15-18 January 1912
Greeted by dreadful weather at six am the two groups had nothing else to do but turn in again.  No way could they sledge in the snowstorm and blizzard raging outside.  It would not be until the 19th, four days later, that they would get under way again.  Tent bound Campbell writes in his diary:

 The Antarctic teaches us patience if nothing else!  Here we are at the gate and can't get on, and with our five precious weeks slipping by.

It was good that their experience meant they had favored a good and fairly sheltered campsite.  Although shielded from the wind, its roaring in the craggy side of the glacier was a constant companion for the next four days.  Occasionally, in the lulls, they would look outside only to see looming blue icefalls appearing through the drifts on the way ahead.  Not an encouraging site to cheer or improve their mood during this enforced period of inactivity.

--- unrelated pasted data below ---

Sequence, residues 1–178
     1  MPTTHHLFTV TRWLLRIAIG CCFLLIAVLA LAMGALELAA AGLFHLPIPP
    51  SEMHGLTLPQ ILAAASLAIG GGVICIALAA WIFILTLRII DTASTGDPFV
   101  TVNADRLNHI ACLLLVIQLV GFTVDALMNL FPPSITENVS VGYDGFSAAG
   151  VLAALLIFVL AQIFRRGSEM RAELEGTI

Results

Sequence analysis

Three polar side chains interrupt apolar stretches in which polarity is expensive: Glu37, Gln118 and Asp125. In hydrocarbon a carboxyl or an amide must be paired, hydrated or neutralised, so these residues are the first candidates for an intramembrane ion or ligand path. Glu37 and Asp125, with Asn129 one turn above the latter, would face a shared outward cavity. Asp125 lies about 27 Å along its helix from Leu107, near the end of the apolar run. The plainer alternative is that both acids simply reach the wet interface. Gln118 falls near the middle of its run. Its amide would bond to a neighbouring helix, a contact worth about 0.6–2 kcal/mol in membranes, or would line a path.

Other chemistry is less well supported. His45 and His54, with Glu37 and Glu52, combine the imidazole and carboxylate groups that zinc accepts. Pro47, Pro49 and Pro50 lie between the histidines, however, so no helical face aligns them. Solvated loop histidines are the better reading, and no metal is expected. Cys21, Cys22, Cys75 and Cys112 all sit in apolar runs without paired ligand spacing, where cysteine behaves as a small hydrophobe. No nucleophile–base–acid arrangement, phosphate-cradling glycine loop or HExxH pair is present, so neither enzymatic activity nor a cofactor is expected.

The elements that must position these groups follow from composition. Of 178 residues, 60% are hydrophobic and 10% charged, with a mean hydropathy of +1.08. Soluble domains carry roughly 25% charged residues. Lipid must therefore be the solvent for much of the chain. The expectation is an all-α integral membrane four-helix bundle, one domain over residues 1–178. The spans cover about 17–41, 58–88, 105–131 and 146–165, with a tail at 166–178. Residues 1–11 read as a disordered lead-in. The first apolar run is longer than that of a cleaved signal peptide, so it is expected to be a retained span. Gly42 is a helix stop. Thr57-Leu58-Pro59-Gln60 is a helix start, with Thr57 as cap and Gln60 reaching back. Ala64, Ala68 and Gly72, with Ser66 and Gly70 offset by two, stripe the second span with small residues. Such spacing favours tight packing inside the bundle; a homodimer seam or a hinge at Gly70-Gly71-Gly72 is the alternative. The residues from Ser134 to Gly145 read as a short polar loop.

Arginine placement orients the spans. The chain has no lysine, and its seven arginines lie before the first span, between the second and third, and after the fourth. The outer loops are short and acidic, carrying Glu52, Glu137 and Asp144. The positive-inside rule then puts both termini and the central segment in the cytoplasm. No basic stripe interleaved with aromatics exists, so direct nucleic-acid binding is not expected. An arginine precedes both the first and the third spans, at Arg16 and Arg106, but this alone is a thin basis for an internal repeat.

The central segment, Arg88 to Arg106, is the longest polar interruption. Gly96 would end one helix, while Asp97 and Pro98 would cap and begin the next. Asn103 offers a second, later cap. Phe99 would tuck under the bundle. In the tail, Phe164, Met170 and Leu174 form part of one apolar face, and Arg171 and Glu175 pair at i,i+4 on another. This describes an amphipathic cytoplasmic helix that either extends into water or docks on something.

Hold up in their tents there was not much to do except catch up on diary writing, adding or working up field notes, and preparing and eating meals.  During this period of inactivity, the body required less food so they would downsize their meals and consumed less food.  At this stage of the expedition not being short of food  this would have been for comfort, but later during the journey home where food was short it would be for necessity.  From later diary entries, we know they would have been talking, joking, and possibly debating various back home issues also, the three seamen Abbott, Browning and Dickason were quite inventive when it came to games to fill in the time.  

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